MOON HAPPENINGS
January 1 – New Moon occurs at 4:14am.
January 8 – First Quarter Moon brightens western sky until after midnight.
January 15 – Full Moon rises at 5:21pm and occurs at 9:52pm.
January 23 – Last Quarter Moon rises several hours after midnight.
January 30 –New Moon occurs at 2:38pm.
(The time of moonrise and moonset assumes a flat horizon. Actual time may vary.)

If January’s full moon appears small, it is because it occurs at lunar apogee. The moon makes a complete orbit around the Earth every month. Each orbit has an apogee point (farthest point to Earth in the lunar orbit) and a perigee point (nearest point to Earth). The size of the lunar orbit expands and contracts during its orbital year (about 13 ½ months) which produces a “micromoon” at farthest apogee and a “supermoon” at nearest perigee. This month’s full moon is the micromoon of the current year. January’s expanded lunar orbit also produces the 2nd and 3rd largest supermoons of the current lunar year on January 1 and January 30. Supermoons occur when the moon is within 90% of lunar perigee. Even though we don’t see new moons, they can produce tidal effects that rival those of a full moon.

METEOR EVENTS
A new moon period provides excellent viewing conditions for the Quadrantid Meteor Shower which runs January 1-5. The Quadrantids average about 40 meteors per hour at its peak which lasts for just a few hours on the night of January 2/3. The radiant for this meteor event is in the region where the tail of Ursa Major dips towards Hercules and Boötes. Best viewing spans the hours between midnight and early twilight. The name of this meteor shower refers to a constellation called Quadrans Muralis. The name refers to an instrument used by 18th century astronomers to measure the altitude of stars. Quadrans Muralis lost its status as a constellation in 1930 when the International Astronomical Union adopted 88 constellations to delineate specific regions for its official map of the night sky.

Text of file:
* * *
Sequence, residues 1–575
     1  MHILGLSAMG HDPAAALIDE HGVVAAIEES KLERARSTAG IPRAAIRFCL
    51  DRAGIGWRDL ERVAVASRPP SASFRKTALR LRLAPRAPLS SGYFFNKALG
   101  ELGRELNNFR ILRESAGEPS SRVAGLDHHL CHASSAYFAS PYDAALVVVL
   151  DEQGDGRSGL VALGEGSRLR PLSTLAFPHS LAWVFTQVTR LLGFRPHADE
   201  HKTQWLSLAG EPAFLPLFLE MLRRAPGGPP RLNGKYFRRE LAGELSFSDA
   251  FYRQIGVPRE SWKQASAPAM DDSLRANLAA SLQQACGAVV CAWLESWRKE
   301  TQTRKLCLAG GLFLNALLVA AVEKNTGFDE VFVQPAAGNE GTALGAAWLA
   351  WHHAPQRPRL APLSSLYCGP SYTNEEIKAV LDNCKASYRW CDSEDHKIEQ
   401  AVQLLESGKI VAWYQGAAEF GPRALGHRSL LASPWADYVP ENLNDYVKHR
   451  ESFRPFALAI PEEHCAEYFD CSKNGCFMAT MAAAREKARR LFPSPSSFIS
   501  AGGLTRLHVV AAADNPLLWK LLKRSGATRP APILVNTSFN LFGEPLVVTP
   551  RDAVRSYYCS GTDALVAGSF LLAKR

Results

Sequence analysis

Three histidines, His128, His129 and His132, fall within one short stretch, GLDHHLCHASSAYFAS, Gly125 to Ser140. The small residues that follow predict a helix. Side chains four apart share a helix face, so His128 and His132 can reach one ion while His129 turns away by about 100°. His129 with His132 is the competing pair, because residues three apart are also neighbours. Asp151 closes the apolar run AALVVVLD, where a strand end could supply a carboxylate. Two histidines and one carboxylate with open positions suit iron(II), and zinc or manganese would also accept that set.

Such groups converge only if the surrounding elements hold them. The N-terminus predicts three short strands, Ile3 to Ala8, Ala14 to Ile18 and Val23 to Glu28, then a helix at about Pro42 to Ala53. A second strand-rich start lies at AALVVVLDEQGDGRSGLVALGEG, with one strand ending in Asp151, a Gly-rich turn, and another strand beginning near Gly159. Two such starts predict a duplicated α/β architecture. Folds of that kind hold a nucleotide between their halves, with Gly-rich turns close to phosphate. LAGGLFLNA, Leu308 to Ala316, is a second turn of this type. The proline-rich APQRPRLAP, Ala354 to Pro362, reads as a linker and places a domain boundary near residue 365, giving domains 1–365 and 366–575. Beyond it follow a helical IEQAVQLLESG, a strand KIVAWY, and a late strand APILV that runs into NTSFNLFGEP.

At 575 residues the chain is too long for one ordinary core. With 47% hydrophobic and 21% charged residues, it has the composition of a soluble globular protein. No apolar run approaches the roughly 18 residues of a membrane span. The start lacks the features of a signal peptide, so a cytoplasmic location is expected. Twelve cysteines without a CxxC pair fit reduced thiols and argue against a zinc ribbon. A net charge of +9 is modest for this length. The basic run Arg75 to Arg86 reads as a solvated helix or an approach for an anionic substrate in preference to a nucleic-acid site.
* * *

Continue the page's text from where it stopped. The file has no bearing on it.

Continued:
Note: Hold your hand at arm’s length to measure apparent distances in the sky. The width of the little finger approximates 1.5̊. Middle, ring, and little finger touching represent about 5̊. The width of a fist is about 10̊. The fist with the thumb extended at a right angle equals 15̊. The hand stretched from thumb to little finger approximates 20̊-25̊. The diameter of both the full moon and the sun spans only 0.5̊. Adjust for the size of your hand.

Primary Sources: USGS; U.S. Naval Observatory; Your Sky at http://www.fourmilab.ch/yoursky/
To find out when the space shuttle and International Space Station are visible from your location, go to: http://spaceflight.nasa.gov/realdata/sightings/index.html and click on Sighting Opportunities.

VISIBLE PLANETS